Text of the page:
Rae Town missing old hits party
Smack in the middle of Rae Street is a bar known as Capricorn Inn, owned and operated by Norma 'Sister Norma' Wright. The little cool-out spot was the place to grab a drink with friends, especially on a Sunday, and later enjoy old hits.
It quickly transformed into the event, Rae Town Old Hits Party, hosted by Capricorn Inn and resident sound system, Klassique Disco, guided by founder and veteran selector Senor Daley. The music would start as early as 6 p.m. on some evenings when Daley and his crew would set up, and go on until the wee hours of the morning.
"It mek the place nice. All tourists knew bout it an' stop inna di community fi experience it," said Merlene Blackwood, who has lived in the community for more than 30 years. "Mi did love it because of the sweet ole time music that play."
With the fishing village to the south, the Tower Street Correctional Centre to the western end, and houses and a few shops lining Rae Street, the area was considered an all-round safe environment, thus receiving support from local communities outside of the Kingston area.
Sundays were very busy for the community, especially, Capricorn Inn and the Dumpling Shop, which is on the opposite side of the road. However, the event which has catered to the older generation and earned the attention of younger people is no longer kept in Rae Town. Instead, it has been held at Sabina Park for the past five.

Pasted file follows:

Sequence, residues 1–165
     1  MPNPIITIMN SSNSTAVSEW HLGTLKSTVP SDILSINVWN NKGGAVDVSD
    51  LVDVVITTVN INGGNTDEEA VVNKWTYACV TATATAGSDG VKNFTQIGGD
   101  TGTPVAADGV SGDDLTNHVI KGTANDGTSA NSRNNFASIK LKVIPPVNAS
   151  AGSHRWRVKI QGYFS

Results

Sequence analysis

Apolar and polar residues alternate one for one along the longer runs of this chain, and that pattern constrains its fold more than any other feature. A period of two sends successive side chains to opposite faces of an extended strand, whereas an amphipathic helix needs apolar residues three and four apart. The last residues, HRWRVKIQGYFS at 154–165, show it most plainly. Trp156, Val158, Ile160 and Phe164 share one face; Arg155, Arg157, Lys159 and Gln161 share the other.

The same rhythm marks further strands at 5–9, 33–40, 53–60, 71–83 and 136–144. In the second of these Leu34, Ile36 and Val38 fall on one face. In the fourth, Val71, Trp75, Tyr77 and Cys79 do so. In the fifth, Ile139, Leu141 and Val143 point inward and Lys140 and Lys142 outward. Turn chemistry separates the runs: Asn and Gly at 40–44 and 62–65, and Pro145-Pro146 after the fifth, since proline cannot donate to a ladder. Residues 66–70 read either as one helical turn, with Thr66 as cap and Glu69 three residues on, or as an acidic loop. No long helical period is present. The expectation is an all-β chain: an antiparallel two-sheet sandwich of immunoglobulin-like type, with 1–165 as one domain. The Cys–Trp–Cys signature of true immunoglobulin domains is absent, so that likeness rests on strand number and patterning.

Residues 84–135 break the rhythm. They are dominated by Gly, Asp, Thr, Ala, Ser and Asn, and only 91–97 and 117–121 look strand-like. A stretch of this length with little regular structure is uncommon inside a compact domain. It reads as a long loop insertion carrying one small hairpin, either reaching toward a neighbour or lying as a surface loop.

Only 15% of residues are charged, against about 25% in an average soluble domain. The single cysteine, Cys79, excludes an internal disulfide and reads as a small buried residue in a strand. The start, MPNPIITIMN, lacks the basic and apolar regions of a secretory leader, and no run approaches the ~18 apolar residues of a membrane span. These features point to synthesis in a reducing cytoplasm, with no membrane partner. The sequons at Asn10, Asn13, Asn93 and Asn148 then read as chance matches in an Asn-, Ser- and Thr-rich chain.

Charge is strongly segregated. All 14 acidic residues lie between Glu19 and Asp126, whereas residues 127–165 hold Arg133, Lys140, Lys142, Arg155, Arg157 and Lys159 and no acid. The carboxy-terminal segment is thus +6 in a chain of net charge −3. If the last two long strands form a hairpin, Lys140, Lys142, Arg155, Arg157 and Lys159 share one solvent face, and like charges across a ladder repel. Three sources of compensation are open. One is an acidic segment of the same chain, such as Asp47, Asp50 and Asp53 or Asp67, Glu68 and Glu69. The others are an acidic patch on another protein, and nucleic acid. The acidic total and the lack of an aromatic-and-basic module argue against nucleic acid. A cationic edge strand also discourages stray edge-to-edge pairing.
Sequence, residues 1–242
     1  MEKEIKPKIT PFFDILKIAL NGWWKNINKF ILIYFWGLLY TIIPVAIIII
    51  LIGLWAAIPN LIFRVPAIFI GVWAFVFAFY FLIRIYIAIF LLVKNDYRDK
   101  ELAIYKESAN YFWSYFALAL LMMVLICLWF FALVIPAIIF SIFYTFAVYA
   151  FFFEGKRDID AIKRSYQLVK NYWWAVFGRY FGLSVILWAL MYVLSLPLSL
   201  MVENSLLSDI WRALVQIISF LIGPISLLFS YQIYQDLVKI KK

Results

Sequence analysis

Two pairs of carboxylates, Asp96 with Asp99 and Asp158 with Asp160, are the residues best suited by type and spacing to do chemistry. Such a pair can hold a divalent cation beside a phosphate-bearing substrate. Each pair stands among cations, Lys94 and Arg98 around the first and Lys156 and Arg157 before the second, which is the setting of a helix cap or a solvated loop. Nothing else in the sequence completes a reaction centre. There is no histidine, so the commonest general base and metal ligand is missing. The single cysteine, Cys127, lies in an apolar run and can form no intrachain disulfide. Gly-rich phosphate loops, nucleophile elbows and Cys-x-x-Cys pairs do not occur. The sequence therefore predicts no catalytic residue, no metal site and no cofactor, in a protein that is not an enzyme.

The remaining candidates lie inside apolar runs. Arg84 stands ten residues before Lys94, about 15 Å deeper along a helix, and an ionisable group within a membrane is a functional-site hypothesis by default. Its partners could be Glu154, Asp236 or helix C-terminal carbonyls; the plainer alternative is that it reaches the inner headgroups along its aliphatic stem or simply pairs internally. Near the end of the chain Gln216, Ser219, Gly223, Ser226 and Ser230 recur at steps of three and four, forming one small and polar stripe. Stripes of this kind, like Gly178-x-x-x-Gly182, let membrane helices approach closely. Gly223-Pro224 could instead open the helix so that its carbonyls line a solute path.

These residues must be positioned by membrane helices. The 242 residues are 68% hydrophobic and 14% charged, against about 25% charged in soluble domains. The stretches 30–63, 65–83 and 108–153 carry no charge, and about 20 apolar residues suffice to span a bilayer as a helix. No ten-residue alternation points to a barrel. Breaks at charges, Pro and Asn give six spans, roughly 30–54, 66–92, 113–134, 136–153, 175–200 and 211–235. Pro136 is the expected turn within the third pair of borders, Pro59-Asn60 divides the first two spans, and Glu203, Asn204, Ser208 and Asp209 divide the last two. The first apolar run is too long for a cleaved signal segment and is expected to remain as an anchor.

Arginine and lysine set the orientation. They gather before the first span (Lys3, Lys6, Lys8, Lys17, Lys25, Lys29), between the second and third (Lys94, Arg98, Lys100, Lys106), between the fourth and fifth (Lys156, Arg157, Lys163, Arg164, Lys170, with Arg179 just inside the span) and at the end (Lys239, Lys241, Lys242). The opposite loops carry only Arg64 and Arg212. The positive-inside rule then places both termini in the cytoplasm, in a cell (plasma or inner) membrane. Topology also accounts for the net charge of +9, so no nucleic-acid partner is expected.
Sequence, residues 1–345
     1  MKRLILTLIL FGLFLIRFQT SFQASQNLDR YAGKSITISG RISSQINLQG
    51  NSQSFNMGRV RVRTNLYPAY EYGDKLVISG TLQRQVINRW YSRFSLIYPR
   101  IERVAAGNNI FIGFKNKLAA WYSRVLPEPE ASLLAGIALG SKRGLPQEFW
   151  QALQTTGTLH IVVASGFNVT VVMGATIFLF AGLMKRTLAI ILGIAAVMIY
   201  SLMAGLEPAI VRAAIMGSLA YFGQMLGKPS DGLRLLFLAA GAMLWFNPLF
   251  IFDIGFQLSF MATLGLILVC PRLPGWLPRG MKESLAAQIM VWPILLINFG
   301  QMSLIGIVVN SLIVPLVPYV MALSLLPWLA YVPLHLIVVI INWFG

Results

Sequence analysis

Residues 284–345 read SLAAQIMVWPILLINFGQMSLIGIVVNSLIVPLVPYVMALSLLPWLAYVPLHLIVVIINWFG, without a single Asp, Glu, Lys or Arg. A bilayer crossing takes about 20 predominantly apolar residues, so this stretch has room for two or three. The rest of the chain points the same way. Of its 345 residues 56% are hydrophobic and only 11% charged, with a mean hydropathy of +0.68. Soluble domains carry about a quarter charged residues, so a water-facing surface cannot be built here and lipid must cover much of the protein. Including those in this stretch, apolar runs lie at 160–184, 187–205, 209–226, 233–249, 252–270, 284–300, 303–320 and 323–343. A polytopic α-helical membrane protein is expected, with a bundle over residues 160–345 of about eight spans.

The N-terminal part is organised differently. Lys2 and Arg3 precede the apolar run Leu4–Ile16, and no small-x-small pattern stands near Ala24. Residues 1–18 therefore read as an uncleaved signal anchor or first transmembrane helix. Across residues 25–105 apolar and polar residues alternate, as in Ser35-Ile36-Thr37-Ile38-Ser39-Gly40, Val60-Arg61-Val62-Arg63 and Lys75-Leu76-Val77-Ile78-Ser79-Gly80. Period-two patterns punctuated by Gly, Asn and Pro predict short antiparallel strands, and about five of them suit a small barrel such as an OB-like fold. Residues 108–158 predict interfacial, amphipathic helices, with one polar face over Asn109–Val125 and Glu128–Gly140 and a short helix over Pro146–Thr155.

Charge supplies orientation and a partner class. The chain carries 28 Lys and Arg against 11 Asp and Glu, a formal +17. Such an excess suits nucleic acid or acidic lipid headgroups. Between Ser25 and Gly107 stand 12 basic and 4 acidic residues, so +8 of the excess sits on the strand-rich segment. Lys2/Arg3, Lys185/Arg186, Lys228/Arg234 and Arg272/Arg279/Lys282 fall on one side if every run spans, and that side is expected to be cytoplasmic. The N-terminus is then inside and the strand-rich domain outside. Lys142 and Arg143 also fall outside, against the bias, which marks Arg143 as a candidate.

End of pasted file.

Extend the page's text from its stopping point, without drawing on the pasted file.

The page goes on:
"To be honest, the move affect mi. When tourists come fi Rae Town Old Hits dem want the traditional fry fry. And I always run out of ackee and saltfish fritters. Ask anybody, sales did good," said Briggie from the Dumpling Shop.
Another resident and small business owner, Tony Bucknor, said, "Back then the place was crime free, we never need security and from music start play people could come with them little stall and get good earnings fi throw partner."
While the old hits party has clearly left a void in Rae Town, there are some persons who feel a sense of relief. According to those persons, who appeared to be in the minority, the noise generated by the music was having an adverse impact on children and the elderly.
Blackwood, however, is not convinced the situation was that bad. "Music never kill nuhbody and we would welcome it back," she said.
When contacted, Wright said that the move from the community was necessary, but unfortunate.